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NHS recovery plan will be ‘impossible’ if workforce issues not addressed, says BMA

by Beth Gault
9 March 2022

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The health secretary’s NHS recovery plan has ‘omitted the most fundamental element’ of workforce, which will make enacting the plan ‘impossible’, according to the BMA.

BMA council chair Dr Chaand Nagpaul said that the Government had failed to address chronic workforce shortages and that it must prioritise recruitment and retention, otherwise patient care will ‘continue to suffer’.

It comes after the health secretary, Sajid Javid, set out his NHS Road to Recovery plan yesterday (8 March), which stated the NHS would have a new focus on prevention with primary care at its ‘heart’.

Though Mr Javid recognised that primary care was ‘far too stretched’ and said that the DHSC and the NHS would ‘work together to look at where barriers can be removed and incentives improved to focus on prevention’, he did not include specific plans to tackle the workforce issue.

Dr Nagpaul said: ‘As of December 2021, more than 110,000 posts in hospitals are vacant, almost 8,200 of which are medical posts. In general practice, the Government is set to miss its target to recruit 6,000 more GPs by 2025, with England having lost the equivalent of 1,608 fully qualified full-time GPs in the last seven years alone.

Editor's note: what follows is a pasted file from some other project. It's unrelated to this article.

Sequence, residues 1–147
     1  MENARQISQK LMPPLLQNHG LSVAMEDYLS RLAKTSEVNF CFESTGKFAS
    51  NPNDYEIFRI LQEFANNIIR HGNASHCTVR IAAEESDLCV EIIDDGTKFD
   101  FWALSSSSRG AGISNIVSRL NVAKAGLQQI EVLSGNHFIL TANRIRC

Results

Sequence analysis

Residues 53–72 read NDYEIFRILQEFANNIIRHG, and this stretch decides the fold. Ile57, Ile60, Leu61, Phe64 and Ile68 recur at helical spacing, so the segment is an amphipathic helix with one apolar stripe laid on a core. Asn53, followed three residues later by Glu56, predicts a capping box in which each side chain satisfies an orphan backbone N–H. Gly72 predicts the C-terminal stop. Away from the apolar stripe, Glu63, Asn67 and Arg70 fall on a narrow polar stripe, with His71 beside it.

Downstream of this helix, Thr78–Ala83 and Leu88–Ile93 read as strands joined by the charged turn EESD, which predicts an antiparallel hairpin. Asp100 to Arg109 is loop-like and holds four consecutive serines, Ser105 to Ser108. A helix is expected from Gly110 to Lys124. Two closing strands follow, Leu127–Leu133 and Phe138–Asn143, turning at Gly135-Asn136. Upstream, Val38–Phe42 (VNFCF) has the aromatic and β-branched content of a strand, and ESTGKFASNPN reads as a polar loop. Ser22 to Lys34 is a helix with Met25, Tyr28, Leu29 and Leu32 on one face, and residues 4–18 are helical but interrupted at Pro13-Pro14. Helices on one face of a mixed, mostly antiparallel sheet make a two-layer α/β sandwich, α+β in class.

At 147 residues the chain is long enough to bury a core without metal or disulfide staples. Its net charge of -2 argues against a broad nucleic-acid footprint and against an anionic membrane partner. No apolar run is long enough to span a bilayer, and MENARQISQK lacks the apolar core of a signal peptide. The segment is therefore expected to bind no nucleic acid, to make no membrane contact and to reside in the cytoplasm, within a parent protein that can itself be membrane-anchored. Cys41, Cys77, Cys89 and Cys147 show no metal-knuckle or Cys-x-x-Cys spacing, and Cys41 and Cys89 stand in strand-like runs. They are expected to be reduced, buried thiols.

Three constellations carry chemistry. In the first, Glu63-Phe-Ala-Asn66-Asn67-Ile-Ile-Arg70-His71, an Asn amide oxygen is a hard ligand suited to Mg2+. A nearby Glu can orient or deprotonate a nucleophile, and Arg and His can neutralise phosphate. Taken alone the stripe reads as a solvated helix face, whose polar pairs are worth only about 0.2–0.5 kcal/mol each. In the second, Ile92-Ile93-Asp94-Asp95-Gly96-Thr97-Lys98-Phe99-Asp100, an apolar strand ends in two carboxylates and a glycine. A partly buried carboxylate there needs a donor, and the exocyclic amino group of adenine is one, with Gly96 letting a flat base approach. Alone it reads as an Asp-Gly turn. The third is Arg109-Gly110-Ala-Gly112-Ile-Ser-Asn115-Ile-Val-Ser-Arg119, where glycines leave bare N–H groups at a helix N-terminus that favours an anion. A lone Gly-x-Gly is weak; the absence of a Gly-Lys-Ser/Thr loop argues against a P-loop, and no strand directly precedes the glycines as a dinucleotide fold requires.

‘Meanwhile the BMA estimates England has a shortage of around 46,300 doctors when compared with the average doctor to population ratios of our most comparable EU neighbours.

‘Without a proper and transparent workforce strategy the secretary of state’s vision to encourage patients to change their care provider to reduce their wait will ultimately fail.’

Short-term solutions to long-term problems

Dr Nagpaul added that it would be a ‘tragedy’ if the Government chose to overturn the House of Lords’ amendment on workforce planning in the Health and Care bill, which they ruled on this week. The amendment would require the Government to publish workforce projections.

‘Fundamentally, the public will want to see the additional investment from the health and care levy being invested in frontline staff. Many will therefore be concerned to see that for the almost £36bn promised over the next three years for health and social care spending, nothing has been mentioned in today’s plan about how to boost staffing,’ said Dr Nagpaul.

‘In addition, there remains a complete lack of clarity about what will happen for NHS funding after those three years. The NHS is currently facing a financial cliff-edge as that money transfers to deliver social care, with the Government once more offering short-term solutions to long-term problems.’

Head of policy at the Health Foundation, Hugh Alderwick, agreed that the ‘biggest challenge facing the NHS right now is chronic staffing shortages’, and that a fully funded workforce strategy was ‘essential’.

He also warned that the measures to increase patient choice were ‘no replacement’ for having enough staff and capacity to deliver services, after the health secretary said patients waiting for secondary care treatment would be given the ‘right to choose’ their provider to help tackle the Covid backlog.

Mr Javid’s review of primary care – which was supposed to be announced at the end of February – was expected to form part of the announcement but was not mentioned.

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